Little River Theatre Corp. v. State Ex Rel. Hodge

CourtUnited States State Supreme Court of Florida
Writing for the CourtPER CURIAM.
Citation185 So. 855,135 Fla. 854
Decision Date20 January 1939

Suit by the State, on the relation of Schuyler C. Hodge, against the Little River Theatre Corporation and others, to suppress an alleged public nuisance, consisting of operation of 'bank night.' From a temporary restraining order, defendants appeal.

Affirmed. Appeal from Circuit Court, Dade County; Paul D Barns, Judge.


Loftin Stokes & Calkins, of Miami, for appellants.

Whitfield & Whitfield, of Tallahassee, and Albert B Bernstein, of Miami, for appellee.



This case is here on appeal from a temporary restraining order enjoining or restraining the defendants from operating a plan or scheme commonly known as 'Bank Night' in the City of Miami, Dade County, Florida. The suit was brought under Sections 5029 and 5030, C.G.L., by Schuyler C. Hodge, a citizen and resident of Dade County, Florida, of many years standing. An answer was filed and the right of the plaintiff below to maintain the suit at bar was not questioned. This Court in construing Sections 5029 and 5030, supra, held that a private citizen of the county affected may institute a suit in equity in the name of the State to suppress a public nuisance, without first requesting the public officers thereof to bring suit. See Pompano Horse Club v State, 93 Fla. 415, 111 So. 801, 52 A.L.R. 51. We therefore hold that the suit at bar was properly brought.

Counsel for the respective parties are in substantial accord as to the facts here involved, viz.: The Little River Theatre Corporation operates a theatre in the suburbs of the City of Miami. The general public and persons buying tickets at the theatre are asked to register their names in a book in the lobby of the theatre, and upon registering are assigned numbers, which numbers are also written in the registration book. On certain nights known as 'bank nights' numbers corresponding to the persons so registered are placed in a drum on the stage of said theatre, when the drum is spun and a blind folded child selects a number therefrom. The registration books are consulted and the person assigned said number so selected by the blind folded child is declared the winner. The winner's name is announced and three minutes is permsitted for the winner to present himself on the inside of the theatre and claim the prize, but he is not required to have a ticket to enter the theatre when his name is called. The prizes range from $50 to $300 and are actually given away. If the prize winner is not in the theatre when the winning number is drawn, or if he does not come into the theatre within three minutes thereafter, the prize is not awarded but the amount thereof is added to the amount to be given away at the next bank night drawing. Five out of seven prize winners paid admission to the theatre when the winning numbers were drawn, while two out of the seven winners were outside the theatre but in the immediate vicinity and came inside the theatre and claimed the prize within three minutes after the number was announced. A person may participate in the drawing without purchasing a ticket to the theatre and the prize is awarded on each Tuesday and Friday nights. People are attracted to the theatre on 'bank nights' and gather in an adjoining vacant lot within a radius of two or three blocks of the theatre and can present themselves if their names are called. The prize may be claimed by any person who registers and whose name is drawn and called, whether such person has or has not ever been in the theatre or has or has not ever purchased a ticket to the theatre. The same picture is exhibited on two successive nights, one of which is 'bank night', and the attendance at said theatre on 'bank night' was anywhere from two to seven times more than the attendance on the other night when the same picture was shown. The plan of 'bank night' advertised the theatre and increased its business.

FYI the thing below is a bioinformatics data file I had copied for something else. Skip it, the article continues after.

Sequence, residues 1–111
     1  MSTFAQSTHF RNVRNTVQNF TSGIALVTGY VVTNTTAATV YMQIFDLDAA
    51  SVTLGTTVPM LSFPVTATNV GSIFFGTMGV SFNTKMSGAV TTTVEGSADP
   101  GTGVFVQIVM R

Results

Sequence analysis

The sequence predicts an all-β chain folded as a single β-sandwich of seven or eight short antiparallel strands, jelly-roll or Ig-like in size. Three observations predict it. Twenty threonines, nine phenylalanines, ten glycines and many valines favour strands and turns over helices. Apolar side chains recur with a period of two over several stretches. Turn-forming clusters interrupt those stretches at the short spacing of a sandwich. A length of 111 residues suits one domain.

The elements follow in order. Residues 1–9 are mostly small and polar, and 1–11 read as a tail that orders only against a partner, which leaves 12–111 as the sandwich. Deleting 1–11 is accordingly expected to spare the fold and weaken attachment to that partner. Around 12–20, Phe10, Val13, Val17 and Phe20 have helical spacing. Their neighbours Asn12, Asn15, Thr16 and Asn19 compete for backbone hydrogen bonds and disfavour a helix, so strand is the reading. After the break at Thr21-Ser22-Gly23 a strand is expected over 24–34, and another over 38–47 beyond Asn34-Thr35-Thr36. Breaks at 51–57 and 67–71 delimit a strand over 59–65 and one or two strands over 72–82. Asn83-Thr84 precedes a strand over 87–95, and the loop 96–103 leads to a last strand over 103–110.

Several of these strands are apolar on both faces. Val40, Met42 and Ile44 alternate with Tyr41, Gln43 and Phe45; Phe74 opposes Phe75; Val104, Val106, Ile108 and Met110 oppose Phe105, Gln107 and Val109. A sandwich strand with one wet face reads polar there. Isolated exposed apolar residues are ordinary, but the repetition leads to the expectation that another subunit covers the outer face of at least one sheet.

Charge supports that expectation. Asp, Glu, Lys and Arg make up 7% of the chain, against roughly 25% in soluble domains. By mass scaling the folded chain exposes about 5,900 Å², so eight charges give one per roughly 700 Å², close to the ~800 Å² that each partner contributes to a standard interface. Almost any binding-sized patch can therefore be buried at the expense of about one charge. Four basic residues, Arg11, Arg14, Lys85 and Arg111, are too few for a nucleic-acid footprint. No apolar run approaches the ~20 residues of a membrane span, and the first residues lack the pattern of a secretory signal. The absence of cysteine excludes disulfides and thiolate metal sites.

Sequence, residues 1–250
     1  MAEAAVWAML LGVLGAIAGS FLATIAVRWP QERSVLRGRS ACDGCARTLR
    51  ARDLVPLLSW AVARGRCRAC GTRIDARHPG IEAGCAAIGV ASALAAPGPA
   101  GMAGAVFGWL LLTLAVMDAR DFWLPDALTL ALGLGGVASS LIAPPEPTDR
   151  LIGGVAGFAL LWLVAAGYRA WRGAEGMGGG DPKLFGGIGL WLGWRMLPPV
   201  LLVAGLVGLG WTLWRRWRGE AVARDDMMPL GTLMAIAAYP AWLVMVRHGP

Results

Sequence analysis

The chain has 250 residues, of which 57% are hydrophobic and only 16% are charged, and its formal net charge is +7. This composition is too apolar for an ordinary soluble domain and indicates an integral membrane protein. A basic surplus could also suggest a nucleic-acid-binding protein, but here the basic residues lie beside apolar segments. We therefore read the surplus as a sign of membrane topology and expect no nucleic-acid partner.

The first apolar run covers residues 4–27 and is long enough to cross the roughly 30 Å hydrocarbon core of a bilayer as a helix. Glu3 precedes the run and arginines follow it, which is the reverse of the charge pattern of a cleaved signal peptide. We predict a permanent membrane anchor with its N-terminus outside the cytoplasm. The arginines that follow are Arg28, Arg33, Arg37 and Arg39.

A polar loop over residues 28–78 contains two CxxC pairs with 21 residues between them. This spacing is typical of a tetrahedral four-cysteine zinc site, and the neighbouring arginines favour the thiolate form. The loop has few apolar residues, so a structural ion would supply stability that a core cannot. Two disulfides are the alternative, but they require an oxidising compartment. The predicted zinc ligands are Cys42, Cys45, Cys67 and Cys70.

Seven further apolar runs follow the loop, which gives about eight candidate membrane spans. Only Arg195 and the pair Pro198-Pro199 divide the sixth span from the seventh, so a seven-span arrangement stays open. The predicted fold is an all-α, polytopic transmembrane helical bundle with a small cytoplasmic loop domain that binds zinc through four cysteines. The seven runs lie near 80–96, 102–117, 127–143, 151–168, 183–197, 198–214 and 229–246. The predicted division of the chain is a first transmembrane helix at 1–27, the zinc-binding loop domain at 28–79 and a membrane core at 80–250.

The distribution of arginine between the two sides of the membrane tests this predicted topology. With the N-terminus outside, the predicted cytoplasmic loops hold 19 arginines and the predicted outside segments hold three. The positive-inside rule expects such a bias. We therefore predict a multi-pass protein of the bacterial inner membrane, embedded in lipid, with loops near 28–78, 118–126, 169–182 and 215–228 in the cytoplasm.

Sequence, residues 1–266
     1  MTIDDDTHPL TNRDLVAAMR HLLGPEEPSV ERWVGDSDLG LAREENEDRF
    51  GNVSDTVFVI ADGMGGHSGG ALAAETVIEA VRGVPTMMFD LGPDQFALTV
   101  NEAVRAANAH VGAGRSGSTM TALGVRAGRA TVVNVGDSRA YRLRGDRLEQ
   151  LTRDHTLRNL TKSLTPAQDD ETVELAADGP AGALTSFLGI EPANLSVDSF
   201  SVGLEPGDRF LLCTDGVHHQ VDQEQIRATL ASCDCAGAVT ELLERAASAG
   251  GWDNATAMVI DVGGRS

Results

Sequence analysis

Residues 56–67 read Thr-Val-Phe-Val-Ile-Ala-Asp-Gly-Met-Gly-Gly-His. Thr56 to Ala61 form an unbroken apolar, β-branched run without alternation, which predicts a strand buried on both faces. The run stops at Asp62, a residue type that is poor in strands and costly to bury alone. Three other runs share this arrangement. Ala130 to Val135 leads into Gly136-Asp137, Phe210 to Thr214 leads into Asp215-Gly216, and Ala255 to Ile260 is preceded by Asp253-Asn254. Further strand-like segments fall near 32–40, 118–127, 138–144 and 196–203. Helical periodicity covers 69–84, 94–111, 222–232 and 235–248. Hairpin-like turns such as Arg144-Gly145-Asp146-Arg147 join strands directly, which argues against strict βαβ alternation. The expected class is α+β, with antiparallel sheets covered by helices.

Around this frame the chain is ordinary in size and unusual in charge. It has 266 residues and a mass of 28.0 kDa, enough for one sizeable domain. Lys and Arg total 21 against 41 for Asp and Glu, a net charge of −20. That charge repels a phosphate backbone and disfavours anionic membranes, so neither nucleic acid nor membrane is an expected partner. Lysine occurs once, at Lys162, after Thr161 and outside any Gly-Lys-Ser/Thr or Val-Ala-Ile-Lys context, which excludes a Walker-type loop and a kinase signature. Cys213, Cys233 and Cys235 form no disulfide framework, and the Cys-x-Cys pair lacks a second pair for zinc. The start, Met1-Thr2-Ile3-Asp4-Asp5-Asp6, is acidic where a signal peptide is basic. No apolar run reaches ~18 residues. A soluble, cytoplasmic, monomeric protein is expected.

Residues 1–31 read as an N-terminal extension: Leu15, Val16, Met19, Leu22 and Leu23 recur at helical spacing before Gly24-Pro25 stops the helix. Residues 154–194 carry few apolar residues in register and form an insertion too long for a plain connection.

The question for decision here is: Does the above statement of facts constitute a lottery in violation of Sections 7667 and 7669, and, if so, may the same be enjoined as a nuisance and is it prohibited by Section 7832, C.G.L.? The lower court answered this question in the affirmative.

Section 7667, C.G.L., provides:

'7667. (5509.) Setting up lottery prohibited.--It shall be unlawful for any person, firm, or corporation in this State to set up, promote or conduct any lottery for money or for anything of value; or by means of any lottery to dispose of any money or other property of any kind whatsoever; or to conduct any lottery drawings for the distribution of prizes by lot or chance, or to advertise any such lottery scheme or device in any newspaper or by circulars, posters, pamphlets or otherwise; or to sell, or to offer for sale, or to transmit, by mail or otherwise, any lottery tickets, coupons, or share in or fractional part of any lottery ticket, share or coupon; or to attempt to operate, conduct or advertise any lottery scheme or device; or to have in his, their or its possession any lottery wheel, implement or device whatsoever for conducting any lottery or scheme for the disposal by lot or chance of anything of value; or to have in his, their or its possession any lottery ticket, or evidence of any share or right in any lottery ticket, or in any lottery scheme or device; or to have in his, their or its possession any lottery advertisement, circular, poster or pamphlet, or any list or schedule of any lottery prizes, gifts or drawings, or to aid or assist in the setting or conducting of any lottery, either by writing, printing or otherwise; or to be interested in, or connected in any way with any lottery or lottery drawing; or to aid or assist in the sale, disposal or procurement of any lottery ticket, coupon, share or right to any drawing therein. Any violation of this section shall be a felony, and shall be punished by a fine of not less than five hundred dollars, nor more than five thousand dollars, or by imprisonment in the State penitentiary not less than one year, or more than ten years.'